Church leaders need to repent of their support for (or their silence about) their nation’s state-sponsored terrorism and start acting ethically, as if the Sermon on the Mount mattered.

The Christian church in America MUST take the lead in this or it is doomed - as doomed as was Germany’s dominant Constantinian Christianity of the first half of the 20th century, whose pro-military, nationalist, racist, xenophobic, domination theology permitted torture, genocide and two brutal world wars that ultimately resulted in the suicide of German Christianity, not to mention the complete destruction of the nation by its provoked enemies.

One wonders what would have happened if every German and Russian and American church had been a real peace church, as the founder envisioned? The real question is, will we learn the lessons of history, or is it already too late?

Gary G. Kohls, MD, is a founding member of Every Church A Peace Church (www.ecapc.org) and is a member of a local non-denominational affiliate of ECAPC, the Community of the Third Way.

 

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+78 # RMDC 2012-01-28 17:44
Thanks. This is good. Books like Hitchen's Good is Not Good try to say that all the bad things in the world can be blamed on religions and god. You show that religions do a lot of good. It is the misuse of religion that leads to war, genocide, hatred, and the rest.

There's a special place in hell for religious hypocrites like Santorum, Bush, Palin, and all the rest who keep saying that God is telling them to start a war or destroy the lives of human beings. That place is right underneath Satan's tail. It is getting kind of crowded but Satan will make room.
 
 
+28 # pbbrodie 2012-01-29 06:18
Hitchen's point is that 99% of religion, especially, as pointed out in this article, Christianity post 300 AD, has not "done a lot of good," and to the contrary, has done an inordinate amount of horrendously bad.

You say, "It is the misuse of religion that leads to war, genocide, hatred, and the rest" and, unfortunately, nearly all current religions of all ilks are definitely misused.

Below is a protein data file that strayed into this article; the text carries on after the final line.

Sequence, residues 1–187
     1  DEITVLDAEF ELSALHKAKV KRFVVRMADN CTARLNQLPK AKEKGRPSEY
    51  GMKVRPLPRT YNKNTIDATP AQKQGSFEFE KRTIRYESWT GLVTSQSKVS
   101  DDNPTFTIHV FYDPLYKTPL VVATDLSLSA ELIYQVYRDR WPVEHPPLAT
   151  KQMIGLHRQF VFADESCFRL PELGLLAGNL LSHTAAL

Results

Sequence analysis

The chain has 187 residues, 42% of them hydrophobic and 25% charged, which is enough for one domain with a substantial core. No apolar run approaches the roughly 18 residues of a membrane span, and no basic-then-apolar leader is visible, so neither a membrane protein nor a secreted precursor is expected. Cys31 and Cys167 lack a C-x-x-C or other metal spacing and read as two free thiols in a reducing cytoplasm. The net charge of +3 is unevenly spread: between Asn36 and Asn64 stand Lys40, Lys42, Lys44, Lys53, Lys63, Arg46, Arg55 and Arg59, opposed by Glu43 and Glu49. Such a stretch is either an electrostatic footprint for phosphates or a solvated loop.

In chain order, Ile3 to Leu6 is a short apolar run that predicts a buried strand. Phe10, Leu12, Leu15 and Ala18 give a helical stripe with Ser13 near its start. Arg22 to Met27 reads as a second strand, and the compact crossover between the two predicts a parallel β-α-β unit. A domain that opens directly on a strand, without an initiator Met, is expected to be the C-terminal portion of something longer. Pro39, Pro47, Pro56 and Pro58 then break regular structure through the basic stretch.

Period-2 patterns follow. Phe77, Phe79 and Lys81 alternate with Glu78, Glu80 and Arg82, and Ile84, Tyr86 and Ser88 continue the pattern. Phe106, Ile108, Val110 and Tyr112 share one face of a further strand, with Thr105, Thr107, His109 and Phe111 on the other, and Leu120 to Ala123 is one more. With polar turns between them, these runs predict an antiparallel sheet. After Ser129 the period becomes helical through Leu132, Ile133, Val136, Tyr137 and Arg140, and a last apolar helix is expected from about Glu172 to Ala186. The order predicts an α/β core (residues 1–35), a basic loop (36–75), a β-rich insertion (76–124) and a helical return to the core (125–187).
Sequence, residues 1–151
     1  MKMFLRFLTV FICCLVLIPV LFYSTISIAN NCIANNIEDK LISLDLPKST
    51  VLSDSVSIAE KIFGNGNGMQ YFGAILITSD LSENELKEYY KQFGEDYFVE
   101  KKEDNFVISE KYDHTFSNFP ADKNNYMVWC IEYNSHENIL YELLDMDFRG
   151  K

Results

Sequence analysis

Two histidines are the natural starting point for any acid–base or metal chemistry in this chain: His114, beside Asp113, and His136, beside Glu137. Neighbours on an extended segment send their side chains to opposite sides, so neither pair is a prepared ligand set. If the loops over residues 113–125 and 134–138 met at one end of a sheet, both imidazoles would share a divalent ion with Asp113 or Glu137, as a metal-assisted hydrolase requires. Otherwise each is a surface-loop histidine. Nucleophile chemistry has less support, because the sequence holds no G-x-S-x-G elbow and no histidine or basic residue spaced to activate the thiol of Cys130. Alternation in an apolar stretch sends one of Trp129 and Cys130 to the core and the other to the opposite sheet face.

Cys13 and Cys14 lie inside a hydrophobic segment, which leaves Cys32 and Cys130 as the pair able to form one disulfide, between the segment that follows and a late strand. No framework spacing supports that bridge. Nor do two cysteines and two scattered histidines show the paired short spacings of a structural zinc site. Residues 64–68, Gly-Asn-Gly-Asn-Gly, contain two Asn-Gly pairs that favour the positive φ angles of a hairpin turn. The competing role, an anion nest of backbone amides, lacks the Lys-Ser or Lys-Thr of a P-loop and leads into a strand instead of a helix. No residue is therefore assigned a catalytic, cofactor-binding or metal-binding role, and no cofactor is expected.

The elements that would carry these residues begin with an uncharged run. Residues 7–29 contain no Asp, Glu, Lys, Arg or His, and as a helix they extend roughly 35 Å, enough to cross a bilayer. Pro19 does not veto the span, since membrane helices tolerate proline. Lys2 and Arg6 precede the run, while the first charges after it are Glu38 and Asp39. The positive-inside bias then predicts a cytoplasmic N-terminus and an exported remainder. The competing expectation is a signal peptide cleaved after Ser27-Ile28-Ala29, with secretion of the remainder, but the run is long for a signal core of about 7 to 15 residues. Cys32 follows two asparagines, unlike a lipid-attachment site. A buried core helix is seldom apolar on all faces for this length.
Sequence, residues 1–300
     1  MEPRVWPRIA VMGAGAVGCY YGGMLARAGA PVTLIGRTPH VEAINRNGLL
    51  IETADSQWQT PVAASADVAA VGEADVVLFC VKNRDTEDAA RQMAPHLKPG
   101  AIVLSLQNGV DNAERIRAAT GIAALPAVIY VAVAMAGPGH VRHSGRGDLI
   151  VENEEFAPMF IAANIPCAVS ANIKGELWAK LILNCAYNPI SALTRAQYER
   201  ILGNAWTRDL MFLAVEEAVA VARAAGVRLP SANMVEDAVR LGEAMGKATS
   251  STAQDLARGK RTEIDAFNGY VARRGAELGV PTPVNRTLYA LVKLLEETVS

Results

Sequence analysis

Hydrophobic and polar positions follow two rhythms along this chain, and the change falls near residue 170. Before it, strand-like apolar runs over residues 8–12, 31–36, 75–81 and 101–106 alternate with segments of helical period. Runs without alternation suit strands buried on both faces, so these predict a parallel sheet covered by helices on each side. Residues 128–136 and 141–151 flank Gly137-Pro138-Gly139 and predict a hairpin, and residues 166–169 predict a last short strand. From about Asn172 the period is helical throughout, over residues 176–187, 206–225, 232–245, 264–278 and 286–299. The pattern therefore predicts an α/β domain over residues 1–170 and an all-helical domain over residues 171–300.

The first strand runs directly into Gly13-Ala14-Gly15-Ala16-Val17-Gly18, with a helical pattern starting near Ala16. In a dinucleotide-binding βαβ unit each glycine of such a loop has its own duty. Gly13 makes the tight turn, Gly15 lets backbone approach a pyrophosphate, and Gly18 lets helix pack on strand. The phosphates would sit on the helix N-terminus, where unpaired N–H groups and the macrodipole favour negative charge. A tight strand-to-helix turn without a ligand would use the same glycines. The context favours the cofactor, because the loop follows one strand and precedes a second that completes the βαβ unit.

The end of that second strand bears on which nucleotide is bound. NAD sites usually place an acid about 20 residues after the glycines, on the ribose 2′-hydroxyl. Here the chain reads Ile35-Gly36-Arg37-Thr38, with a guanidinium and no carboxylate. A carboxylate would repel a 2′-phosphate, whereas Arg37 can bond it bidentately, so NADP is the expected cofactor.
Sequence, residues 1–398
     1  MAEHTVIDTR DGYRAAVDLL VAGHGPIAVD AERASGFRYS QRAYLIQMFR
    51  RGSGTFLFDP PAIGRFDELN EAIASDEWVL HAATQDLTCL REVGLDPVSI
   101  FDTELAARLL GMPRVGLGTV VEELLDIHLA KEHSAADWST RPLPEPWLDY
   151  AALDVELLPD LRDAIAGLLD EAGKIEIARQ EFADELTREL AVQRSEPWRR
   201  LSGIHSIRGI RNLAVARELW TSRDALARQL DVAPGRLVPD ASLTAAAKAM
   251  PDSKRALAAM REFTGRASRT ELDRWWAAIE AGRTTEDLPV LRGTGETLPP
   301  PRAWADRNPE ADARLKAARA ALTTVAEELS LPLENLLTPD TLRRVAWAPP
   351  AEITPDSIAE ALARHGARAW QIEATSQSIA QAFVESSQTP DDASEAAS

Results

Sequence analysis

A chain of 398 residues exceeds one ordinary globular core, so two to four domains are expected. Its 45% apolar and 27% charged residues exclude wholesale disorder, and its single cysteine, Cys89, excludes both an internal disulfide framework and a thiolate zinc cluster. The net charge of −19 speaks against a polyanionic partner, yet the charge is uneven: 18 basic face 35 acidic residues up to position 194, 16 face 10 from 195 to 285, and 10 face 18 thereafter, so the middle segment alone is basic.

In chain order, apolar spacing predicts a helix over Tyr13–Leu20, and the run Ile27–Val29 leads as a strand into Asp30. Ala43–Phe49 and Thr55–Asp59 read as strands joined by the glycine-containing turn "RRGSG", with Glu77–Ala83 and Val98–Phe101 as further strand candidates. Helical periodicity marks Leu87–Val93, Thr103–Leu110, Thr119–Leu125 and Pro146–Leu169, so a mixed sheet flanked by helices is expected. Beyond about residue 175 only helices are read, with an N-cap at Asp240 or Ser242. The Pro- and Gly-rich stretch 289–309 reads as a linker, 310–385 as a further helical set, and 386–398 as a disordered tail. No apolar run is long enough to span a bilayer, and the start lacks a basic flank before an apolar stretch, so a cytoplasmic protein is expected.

+12 # mhog jones 2012-01-29 13:57
The amount of time that had elapsed before the Papacy dictated what we think of today as the fundamental tenets of Christianity is astounding! 325 years after the death of Jesus it was decided that a trinity of deity would define the Lord’s nature. The legend of G. Washington with all its folklore and mythos is by comparison only 235 years old. Imagine if we had waited 350 years after the revolution of 1776 to write our constitution. What kind of constitution would the people of 2131 write? What would they have in common with the founders of the nation? Who knows. Sadly, no matter who or what the historical Jesus was, modern Christianity is an Ad Hoc religion established to maintain the affluence of the wealthy and to control the populace.
 
 
+6 # goodsensecynic 2012-01-29 14:01
On the other hand, some guys have tried. The Canadian Council of Catholic Bishops in 1983 wrote a treatise on the economic crisis (similar, but not as bad as the one today).

If you left out the "god-bits," it could have been passed at the most recent meeting of the Socialist International, or even Marx's original First International.

The rest was all there: especially some remarkable prose in support of workers' rights and against the alienation of labour under capitalism. Of course, it sank like a stone, but (as I said) some guys tried to redeem the redeemer.
 
 
-3 # Rita Walpole Ague 2012-01-31 17:31
Yes indeed, RMDC.

Deliver u.s. from evil -

VILLAINAIRES, GO TO HELL!!!
 
 
+19 # Richard1908 2012-01-28 23:29
If we had no religions at all we would minimise wars and enhance the prospects for peace. Peace demands no more than rational human beings. The myths of religion mischievously bedevil the clarity and humanity innate within humankind.
 
 
+10 # Holmes 2012-01-29 06:24
I would suggest the concept that religions cause wars is a myth of similar proportions to the concept of the "noble savage". I would suggest that religious garb has been used as an invisibility cloak for those who are wanting to gain from others that to which they do not have any legitimate claim too.